I recently lost a dear friend way too soon. She was young at heart and vibrant, but she had suffered from multiple illnesses and the complications of chronic illness. Of course, as a nurse, she wasn’t always compliant with the care prescribed, and being retired, finances often didn’t allow for the best options. She always put everyone else first.
So when she was hit with a health crisis that kept building, we knew that she knew exactly what was going on. And soon she took charge and said “no more!” It was heartbreaking to learn that she was “giving up” when in reality she was taking charge! We knew how bad it was and we all had to honor her choice and support her in the last hours, while we hoped for a miracle! Of course that didn’t happen, and she crossed over listening to her favorite playlist and was at last at peace. And it was on her terms.
End-of-life decisions are difficult to make. Then when they need to be invoked it’s not always so cut and dried. What really constitutes comfort measures and how far do you go with them?
When a patient is on hospice and knows he is dying, he often faces the dilemma would he want to be treated with antibiotics if he develops an infection such as a UTI or has respiratory symptoms after aspirating? Is it a comfort measure or does it prolong his life? Will death be hastened if the antibiotics are declined? There are no absolute answers. Sometimes it seems to hasten things, and other times patients pull out of it and go on. We can predict, but we have no guarantees.
NO CPR Tattoos
I’ve shared with many nurses over my career that we should all have NO CPR tattooed on our chests or even our foreheads. It’s one thing to have a cardiac or respiratory arrest and not be resuscitated, but Advance Directives and POLST forms ask the harder questions. Do you want antibiotics, do you want hospitalizations? And under what circumstances? Get specific.
A common answer or scenario I hear is, “well if I fell and broke my hip, I’d want to go to the hospital and have it fixed.” But we know statistically that a major injury from a fall is tied closely with morbidity rates. Yet how many times do you see 98 year old patients having an ORIF?! I’ve even seen some patients have total hip replacements at that age, while on hospice to boot!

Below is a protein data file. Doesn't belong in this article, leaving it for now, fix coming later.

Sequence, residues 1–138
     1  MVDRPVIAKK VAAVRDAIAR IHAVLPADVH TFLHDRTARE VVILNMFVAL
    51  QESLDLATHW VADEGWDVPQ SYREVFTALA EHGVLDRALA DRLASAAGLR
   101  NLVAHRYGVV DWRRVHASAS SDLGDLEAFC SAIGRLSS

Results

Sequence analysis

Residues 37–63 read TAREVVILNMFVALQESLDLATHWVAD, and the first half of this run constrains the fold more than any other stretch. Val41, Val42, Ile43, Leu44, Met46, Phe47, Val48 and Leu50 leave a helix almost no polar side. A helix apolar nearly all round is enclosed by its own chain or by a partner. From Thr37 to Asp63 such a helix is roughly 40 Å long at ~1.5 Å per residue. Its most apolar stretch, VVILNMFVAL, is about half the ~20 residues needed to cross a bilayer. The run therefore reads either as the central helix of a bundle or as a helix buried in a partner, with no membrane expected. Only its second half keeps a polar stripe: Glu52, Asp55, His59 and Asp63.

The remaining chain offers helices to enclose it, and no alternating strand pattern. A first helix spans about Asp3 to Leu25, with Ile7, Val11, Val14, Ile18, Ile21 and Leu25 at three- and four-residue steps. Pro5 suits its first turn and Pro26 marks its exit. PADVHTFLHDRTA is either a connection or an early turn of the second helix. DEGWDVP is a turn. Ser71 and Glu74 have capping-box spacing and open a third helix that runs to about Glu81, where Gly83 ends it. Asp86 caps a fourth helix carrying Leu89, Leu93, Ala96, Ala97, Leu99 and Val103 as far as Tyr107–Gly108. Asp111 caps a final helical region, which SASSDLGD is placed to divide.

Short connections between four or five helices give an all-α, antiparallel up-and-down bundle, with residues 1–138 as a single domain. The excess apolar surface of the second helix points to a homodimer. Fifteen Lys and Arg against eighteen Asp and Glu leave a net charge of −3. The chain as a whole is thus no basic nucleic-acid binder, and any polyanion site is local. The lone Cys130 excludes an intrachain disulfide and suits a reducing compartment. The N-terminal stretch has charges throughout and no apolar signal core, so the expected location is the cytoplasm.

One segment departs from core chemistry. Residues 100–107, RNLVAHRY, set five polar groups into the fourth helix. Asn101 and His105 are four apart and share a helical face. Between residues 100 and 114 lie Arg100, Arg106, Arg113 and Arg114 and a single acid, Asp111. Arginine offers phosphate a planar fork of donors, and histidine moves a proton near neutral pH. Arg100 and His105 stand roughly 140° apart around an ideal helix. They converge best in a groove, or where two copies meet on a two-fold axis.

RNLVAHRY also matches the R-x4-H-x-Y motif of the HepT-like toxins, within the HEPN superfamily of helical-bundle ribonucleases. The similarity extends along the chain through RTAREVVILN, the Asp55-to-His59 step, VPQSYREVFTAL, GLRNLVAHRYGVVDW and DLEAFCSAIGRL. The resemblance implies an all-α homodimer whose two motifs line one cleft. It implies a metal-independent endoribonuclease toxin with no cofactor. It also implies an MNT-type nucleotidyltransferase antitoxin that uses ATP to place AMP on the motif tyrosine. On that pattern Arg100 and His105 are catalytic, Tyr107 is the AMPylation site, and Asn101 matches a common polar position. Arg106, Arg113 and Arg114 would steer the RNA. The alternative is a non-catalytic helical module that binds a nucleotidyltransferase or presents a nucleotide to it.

It’s about choice and even with Advance Directives, we have the right to revoke them and opt for another plan. They are guidelines to help us intellectually decide things our hearts may find gut-wrenching when the time comes. But they help our loved ones know what we would want if we can’t make our own decisions. We need to be clear about what we want and help our loved ones know this is the course they need to take for us and not feel guilty or burdened.
I had had many conversations with my friend over the years and knew she was going to invoke this if she had the chance. And if she couldn’t, her family would have to honor her decisions and make them for her. It just seemed too soon, but we knew her uphill battle was not going to be won either. Her quality of life would be poor at best if she did survive, and that was NOT what she would have wanted. Rest in Peace my friend and than you for having made the hard decisions. It was empowering to know that you had control of your destiny.
End-of-life decisions give us that power. Think about yours, it’s never too soon to make a plan.
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